As you consider your editorial calendar for your blog, you need to simultaneously consider the effort that will go into the backlink building for that content. It’s wise to conduct a competitive analysis and see how many backlinks other blogs on page one already have. To knock one of these people out of a page one position, you should expect to need the same number of links or better quality links with more relevance.
Bloggers who are not considering their backlinking strategy are at a serious disadvantage.
4. Email and social are now part of SEO
A fourth reason your blog may be underperforming in the search engines is that you have not effectively integrated your email marketing and social media strategies as part of your SEO ranking. Many marketers know that email and social produce relatively little revenue for them, so they tend to de-emphasize these tactics. Big mistake.
Once separate disciplines, it is best to think of blogging, email, and social as part of a combined strategy centered around your content marketing. An excellent content marketing project plan will include the production of well-researched, long-form topics the readers actually want to read about. Each post will be visually appealing and have an excellent user experience so that the traffic that does land on the page remains on the page.
Once the content is ready for launch, a well-coordinated effort that leverages an email list and social presence will be used to boost the initial audience.
Email lists are in constant need of address acquisition. Marketers know there is immense value in a targeted list of opted-in users who are eager for the content that you create. A well-maintained social media profile on several of the main social media outlets will serve in a similar fashion to a strong email list. Followers of these profiles are eager for the content you’re producing; this can be leveraged each time excellent content is released.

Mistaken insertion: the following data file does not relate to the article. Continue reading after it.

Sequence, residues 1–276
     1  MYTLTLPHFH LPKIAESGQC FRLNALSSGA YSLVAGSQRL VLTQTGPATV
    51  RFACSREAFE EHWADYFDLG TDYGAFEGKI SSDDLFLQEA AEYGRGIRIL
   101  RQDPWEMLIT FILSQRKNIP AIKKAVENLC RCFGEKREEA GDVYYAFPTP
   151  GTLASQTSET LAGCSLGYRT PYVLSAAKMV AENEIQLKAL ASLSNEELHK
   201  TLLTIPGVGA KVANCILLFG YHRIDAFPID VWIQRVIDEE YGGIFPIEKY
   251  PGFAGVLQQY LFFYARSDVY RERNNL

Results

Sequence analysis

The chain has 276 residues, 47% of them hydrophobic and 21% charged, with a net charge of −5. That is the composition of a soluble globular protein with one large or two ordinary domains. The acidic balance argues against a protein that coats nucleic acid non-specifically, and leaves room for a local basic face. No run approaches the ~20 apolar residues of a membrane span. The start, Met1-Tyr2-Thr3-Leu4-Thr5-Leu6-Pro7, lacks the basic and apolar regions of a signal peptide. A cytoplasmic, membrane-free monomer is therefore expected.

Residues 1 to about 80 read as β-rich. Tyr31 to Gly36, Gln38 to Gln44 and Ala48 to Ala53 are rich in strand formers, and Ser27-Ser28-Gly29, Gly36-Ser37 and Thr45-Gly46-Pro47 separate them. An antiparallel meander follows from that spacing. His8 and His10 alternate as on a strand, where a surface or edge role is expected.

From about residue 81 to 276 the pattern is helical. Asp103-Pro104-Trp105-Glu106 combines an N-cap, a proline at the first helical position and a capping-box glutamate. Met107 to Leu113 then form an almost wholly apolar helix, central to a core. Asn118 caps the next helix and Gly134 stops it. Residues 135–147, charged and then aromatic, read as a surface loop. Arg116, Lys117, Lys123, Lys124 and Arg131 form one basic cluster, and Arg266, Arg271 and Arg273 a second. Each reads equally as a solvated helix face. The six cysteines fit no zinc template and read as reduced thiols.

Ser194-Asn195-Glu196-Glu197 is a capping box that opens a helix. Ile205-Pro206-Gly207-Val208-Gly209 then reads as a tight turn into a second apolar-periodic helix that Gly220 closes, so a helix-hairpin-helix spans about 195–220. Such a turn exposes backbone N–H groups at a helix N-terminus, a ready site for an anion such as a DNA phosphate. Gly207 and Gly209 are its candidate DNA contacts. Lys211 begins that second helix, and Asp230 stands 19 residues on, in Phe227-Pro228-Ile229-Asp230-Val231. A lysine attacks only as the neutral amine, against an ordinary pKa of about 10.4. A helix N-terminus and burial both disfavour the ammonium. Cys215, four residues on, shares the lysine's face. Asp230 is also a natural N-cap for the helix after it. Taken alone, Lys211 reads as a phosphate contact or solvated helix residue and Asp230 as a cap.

5. Your resource allocation is wrong
If you’re reading all the above and thinking “man, that seems like a lot of work for just a simple blog post”, then your resource allocation is clearly out of balance. It is true that launching an excellent piece of content is labor intensive. For this reason, many experts recommend that 20% of the allocated effort be geared toward content production and another 80% toward content promotion.
Email marketing and social media may aid in promotional efforts, but leveraging your personal network, employees, and potentially direct link outreach will also boost your blog SEO.
The world of search engine optimization has changed immensely in the last few years. Competition is fierce and Google has been shifting their preferences towards longer-form content that is well-researched and satisfies specific searcher intent.
To perform well in such a competitive SEO environment, business owners need to recognize that blogging and content marketing have largely merged. Their efforts across large production search engine optimization, email marketing, and social media need to be well-coordinated for successful launches of content that bring readers quickly. This will increase the odds of natural backlink acquisition, which can be augmented with direct link outreach to produce extremely high performing website SEO.